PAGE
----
As further discussed in the footnotes to the Consolidated Financial Statements included in this Annual Report (see Note 20, Variable Interest Entities, and Note 22, Related Party Transactions), effective August 1, 2011 entities (the "Oklahoma Owners") controlled by Christopher Brogdon (Vice Chairman of the Board of Directors, owner of greater than 10% of the outstanding common stock and former Chief Acquisition Officer of the Company) and his spouse, Connie Brogdon, (related parties to the Company), acquired five skilled nursing facilities located in Oklahoma (the "Oklahoma Facilities"). The Company entered into a Management Agreement with the Oklahoma Owners pursuant to which a wholly-owned subsidiary of the Company supervises the management of the Oklahoma Facilities for a monthly fee equal to 5% of the monthly gross revenues of the Oklahoma Facilities. Upon acquisition, the Company concluded it was the primary beneficiary of the Oklahoma Owners and pursuant to Financial Accounting Standards Board ("FASB") Accounting Standards Codification ("ASC") Topic 810-10, Consolidation—Overall, consolidated the Oklahoma Owners in its 2011 consolidated financial statements.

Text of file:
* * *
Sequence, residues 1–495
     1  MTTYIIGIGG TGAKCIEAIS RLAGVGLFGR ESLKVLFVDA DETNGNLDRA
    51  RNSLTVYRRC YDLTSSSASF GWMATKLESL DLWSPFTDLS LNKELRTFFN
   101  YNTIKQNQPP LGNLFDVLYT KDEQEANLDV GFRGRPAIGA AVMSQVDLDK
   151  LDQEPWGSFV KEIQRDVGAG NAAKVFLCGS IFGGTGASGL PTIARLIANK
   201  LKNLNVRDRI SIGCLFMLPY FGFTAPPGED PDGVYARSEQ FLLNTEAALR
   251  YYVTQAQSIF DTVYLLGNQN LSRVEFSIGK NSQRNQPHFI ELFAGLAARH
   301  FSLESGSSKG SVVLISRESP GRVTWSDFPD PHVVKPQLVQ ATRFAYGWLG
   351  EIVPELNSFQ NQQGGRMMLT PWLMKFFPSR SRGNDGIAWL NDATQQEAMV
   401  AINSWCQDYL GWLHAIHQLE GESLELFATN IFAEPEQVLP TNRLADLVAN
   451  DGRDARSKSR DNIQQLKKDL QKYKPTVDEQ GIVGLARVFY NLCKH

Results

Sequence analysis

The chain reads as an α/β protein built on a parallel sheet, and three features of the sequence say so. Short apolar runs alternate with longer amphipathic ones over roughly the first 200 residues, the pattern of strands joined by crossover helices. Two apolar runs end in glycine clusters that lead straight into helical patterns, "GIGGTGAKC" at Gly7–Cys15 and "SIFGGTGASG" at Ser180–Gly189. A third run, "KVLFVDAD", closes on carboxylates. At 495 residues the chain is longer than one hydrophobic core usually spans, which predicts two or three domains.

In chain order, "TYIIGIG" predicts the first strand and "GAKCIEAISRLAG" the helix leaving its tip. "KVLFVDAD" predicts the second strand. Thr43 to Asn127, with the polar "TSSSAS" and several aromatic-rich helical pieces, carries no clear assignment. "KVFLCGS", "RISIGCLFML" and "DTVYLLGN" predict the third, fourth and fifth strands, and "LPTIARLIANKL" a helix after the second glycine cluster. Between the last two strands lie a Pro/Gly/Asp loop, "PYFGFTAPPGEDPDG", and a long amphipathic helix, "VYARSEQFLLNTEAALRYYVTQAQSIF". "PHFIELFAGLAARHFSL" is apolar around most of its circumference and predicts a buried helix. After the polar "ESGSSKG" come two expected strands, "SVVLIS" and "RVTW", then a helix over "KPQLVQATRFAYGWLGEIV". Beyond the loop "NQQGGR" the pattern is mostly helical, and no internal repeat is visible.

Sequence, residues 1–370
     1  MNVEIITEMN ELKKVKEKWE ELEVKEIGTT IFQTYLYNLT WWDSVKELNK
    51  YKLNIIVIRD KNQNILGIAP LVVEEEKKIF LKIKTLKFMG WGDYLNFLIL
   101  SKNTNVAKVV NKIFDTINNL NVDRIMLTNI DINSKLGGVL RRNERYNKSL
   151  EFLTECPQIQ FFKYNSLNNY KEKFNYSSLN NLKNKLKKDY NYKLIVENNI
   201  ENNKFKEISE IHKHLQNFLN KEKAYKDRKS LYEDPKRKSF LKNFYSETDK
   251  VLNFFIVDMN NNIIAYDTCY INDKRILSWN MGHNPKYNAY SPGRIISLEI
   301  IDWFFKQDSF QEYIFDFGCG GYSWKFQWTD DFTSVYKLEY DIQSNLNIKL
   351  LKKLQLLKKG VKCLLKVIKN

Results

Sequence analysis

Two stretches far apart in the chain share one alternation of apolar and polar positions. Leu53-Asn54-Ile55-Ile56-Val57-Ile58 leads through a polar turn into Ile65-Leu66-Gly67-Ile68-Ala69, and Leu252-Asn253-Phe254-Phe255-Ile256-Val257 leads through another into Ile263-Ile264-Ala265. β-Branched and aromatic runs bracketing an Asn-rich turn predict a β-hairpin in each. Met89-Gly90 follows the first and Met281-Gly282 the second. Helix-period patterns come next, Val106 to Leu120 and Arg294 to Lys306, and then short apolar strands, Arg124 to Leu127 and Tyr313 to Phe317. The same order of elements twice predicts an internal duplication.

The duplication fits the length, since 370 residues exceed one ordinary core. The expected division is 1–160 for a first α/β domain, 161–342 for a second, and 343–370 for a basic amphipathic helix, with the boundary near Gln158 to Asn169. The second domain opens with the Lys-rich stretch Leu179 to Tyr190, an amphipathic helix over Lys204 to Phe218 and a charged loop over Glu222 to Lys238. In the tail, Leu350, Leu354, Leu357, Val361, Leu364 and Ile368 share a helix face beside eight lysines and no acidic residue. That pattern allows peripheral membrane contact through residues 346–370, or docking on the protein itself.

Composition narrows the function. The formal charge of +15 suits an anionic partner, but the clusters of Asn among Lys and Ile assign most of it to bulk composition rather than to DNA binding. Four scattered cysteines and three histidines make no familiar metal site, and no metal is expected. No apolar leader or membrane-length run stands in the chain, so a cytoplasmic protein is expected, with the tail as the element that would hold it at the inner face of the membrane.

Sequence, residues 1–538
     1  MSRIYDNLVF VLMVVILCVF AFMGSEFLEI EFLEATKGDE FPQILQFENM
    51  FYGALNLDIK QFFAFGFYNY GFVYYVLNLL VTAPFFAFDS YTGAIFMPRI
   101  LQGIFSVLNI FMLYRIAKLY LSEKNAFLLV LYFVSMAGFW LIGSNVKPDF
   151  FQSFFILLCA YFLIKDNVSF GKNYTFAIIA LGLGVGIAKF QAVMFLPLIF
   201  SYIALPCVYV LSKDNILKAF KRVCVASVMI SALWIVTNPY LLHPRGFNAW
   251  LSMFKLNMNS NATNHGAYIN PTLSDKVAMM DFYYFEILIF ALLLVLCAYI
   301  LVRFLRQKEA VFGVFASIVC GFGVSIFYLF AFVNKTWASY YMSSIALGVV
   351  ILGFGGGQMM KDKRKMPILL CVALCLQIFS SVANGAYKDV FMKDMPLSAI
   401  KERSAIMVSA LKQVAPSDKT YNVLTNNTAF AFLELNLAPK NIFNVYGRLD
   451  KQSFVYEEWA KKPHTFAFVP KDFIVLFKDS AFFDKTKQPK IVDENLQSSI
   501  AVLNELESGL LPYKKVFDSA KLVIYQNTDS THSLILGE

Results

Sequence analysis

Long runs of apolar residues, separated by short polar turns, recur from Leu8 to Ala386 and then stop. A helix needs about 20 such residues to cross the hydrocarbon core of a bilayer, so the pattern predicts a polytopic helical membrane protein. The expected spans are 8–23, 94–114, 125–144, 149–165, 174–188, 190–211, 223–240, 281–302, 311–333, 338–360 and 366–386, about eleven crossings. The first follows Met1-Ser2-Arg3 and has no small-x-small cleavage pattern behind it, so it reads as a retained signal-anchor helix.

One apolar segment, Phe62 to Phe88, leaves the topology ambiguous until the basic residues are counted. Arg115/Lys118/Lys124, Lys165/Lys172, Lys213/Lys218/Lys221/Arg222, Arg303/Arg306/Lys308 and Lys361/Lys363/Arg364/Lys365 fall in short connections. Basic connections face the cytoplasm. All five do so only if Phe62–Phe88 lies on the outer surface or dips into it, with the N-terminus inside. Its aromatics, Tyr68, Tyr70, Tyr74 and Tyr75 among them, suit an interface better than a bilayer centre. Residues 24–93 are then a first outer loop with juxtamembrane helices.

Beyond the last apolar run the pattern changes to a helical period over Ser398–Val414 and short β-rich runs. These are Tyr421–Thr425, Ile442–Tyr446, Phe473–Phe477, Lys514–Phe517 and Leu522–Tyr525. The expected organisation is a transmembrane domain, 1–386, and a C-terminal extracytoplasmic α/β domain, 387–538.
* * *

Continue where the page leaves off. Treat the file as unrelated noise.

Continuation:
During the process of finalizing the 2012 financial statements, the Company reassessed its prior conclusion that it should consolidate the Oklahoma Owners. In the reassessment process, the Company concluded that it should not have consolidated the Oklahoma Owners. The Company has deconsolidated the Oklahoma Owners effective January 1, 2012 and the balance sheet, operations and cash flows of the Oklahoma Owners are not included in the Company's 2012 consolidated financial statements. The Company further concluded that including the Oklahoma Owners in its 2011 financial statements was not material to such consolidated financial statements and therefore no adjustments have been made to the previously issued 2011 financial statements. Note 20, Variable Interest Entities, in the Consolidated Financial Statements included in Part II, Item 8., "Financial Statements and Supplementary Data," includes summarized financial statements of the Oklahoma Owners for 2011 that are included in the Company's 2011 consolidated financial statements.